feathers 10th April 2012, 20:14 Quote
The Zilog Z80 was a far better CPU. 6510 was awful to code.
Nexxo 10th April 2012, 20:17 Quote
End of an era. Thanks for the memories, Jack...

http://farm2.staticflickr.com/1115/697528181_3bfc06560d_o.gif

All 64K of them.
guvnar 10th April 2012, 21:14 Quote
Quote:
Originally Posted by Nexxo
End of an era. Thanks for the memories, Jack...

http://farm2.staticflickr.com/1115/697528181_3bfc06560d_o.gif

All 64K of them.

Aaaah the memories... happy days but when I show my 11 & 8 year old sons some of the programs that were manually coded in and the games of the day they scoff!

Kids these days eh?
azrael- 10th April 2012, 21:16 Quote
Quote:
Originally Posted by Nexxo
End of an era. Thanks for the memories, Jack...

http://farm2.staticflickr.com/1115/697528181_3bfc06560d_o.gif

All 64K of them.
Only if you knew how to access them. ;)
Nexxo 10th April 2012, 21:27 Quote
Quote:
Originally Posted by guvnar
Aaaah the memories... happy days but when I show my 11 & 8 year old sons some of the programs that were manually coded in and the games of the day they scoff!

Kids these days eh?

Yeah, they don't know they're born these days.
Quote:
Originally Posted by azrael-
Only if you knew how to access them. ;)

I did. I'm a geek. :D
Coltch 10th April 2012, 21:41 Quote
"Computers for the masses, not the iDiots."

I was always envious of my mates who had C64's while I had my Speccy. - that all changed in '84 when I eventually got mine!.

Who can forget Monty on the run blasting from the SID!

Sent from Bittech Android app
phinix 10th April 2012, 21:54 Quote
Actually his real name was Jacek Trzmiel:) After war he emigrated to USA and changed his name, cause original Polish name was very hard to pronounce in English:)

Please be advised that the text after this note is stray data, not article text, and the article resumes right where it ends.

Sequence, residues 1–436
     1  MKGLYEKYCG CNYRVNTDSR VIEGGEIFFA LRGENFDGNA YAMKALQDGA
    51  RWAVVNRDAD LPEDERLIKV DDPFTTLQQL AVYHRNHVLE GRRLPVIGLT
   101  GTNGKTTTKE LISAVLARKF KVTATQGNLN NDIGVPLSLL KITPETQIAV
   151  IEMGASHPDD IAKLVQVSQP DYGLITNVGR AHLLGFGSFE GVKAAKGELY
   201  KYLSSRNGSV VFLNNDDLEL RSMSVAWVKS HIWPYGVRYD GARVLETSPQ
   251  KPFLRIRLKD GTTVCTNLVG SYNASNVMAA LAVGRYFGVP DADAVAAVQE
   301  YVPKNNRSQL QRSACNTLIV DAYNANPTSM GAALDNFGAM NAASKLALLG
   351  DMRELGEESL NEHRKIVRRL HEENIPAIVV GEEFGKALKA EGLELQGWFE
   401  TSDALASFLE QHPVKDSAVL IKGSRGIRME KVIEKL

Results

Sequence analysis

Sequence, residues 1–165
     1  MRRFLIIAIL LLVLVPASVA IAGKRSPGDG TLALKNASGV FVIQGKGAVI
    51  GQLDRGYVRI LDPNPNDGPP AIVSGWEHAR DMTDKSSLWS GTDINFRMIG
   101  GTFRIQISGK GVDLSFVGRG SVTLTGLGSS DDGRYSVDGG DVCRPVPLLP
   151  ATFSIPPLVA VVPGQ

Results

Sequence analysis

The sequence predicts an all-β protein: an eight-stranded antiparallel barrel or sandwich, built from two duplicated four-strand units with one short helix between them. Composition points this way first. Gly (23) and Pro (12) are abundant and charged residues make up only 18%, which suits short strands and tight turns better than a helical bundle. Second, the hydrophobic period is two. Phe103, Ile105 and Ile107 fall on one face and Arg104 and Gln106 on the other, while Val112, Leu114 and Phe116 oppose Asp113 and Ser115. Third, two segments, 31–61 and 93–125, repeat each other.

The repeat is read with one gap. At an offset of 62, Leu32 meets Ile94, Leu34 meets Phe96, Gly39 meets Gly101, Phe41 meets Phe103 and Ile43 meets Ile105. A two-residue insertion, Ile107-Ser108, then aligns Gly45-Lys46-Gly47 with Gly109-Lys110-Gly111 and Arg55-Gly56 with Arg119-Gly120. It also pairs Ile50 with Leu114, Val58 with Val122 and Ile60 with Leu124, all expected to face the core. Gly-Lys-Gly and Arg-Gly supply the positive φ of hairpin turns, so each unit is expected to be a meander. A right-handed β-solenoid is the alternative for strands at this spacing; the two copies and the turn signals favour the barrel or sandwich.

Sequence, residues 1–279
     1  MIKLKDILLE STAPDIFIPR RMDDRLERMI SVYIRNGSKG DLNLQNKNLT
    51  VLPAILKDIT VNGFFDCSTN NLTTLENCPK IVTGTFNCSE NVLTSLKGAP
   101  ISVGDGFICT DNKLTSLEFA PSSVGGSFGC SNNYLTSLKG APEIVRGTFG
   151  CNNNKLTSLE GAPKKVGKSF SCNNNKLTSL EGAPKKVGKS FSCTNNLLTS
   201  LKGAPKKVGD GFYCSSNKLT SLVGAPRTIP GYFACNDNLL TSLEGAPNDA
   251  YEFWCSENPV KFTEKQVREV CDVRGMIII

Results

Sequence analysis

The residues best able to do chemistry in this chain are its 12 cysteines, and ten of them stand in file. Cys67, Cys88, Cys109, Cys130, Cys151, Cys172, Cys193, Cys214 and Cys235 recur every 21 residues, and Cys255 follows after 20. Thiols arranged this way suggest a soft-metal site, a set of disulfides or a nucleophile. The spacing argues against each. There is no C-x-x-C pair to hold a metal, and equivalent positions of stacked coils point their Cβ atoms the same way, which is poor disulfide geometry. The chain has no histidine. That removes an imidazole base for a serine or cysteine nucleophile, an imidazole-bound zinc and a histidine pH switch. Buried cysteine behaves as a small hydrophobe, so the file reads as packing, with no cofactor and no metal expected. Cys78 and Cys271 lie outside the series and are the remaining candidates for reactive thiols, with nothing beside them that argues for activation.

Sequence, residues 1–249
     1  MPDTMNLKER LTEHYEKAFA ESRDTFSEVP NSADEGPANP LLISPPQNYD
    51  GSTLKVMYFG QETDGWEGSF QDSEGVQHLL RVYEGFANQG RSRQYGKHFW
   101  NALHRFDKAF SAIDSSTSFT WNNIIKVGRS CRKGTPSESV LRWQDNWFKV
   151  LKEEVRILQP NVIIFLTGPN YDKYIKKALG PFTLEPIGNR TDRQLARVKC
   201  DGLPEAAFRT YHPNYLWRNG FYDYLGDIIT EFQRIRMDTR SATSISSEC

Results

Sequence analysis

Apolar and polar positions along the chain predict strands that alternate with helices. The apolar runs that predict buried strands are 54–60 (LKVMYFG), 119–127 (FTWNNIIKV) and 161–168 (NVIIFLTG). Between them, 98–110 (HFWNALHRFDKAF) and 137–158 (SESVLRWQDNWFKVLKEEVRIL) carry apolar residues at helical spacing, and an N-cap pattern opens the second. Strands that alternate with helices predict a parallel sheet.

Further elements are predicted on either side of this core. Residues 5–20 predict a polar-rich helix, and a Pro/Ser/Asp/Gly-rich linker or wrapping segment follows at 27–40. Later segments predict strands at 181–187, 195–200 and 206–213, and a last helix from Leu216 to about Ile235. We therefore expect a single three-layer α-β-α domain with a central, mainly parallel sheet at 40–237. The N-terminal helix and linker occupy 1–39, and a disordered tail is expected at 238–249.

I remember when I got my first computer - Commodore 128! Sweet stuff, those were the times...
nemo 10th April 2012, 22:03 Quote
I finished reading "On the Edge: The Spectacular Rise and Fall of Commodore " by Brian Bagnall a couple of months ago. It was a great read, with memorable characters.

The bits describing the early chip manufacturing process were really amazing ("the engineers were given fresh socks as their own socks invariably had holes, which would cut into the red acetate sheet used to make the chip mask").

Find an extract chapter pdf here :
http://www.variantpress.com/contents/ch001.5%20TIM-KIM.pdf

In those days, when you mastered your games, you learnt how to program your own games :)
johnnyboy700 11th April 2012, 09:23 Quote
So long Jack, I was a Speccy geek back in the day but I did enjoy my Atari ST and even managed to sell it for a good price years after I bought it thanks to its in built music hardware.
Somer_Himpson 11th April 2012, 14:57 Quote
Driller on the C64...unbelievably good sound!
Somer_Himpson 11th April 2012, 15:00 Quote
Driller soundtrack...a lot of modern games could learn from how brilliantly ominous this is:-
http://season9.wordpress.com/2012/02/27/driller-loading-theme-c64/
Zero_UK 11th April 2012, 19:41 Quote
Rest in peace and thank you for what you brought to the tech world.
Crunchy 12th April 2012, 14:26 Quote
[Salutes]

Without Jack...
No Paradroid.
No Parallax.
No Io.

Without the C64, 8bit home computing in the early 80's would have been the extortionate CPC464/6128 or the slightly crippled ZX Spectrum.
Without Commodore, who's later success was largely built on the revenue the C64 generated, No Amiga.
No Amiga...what horrid words...

Thanks, Jack.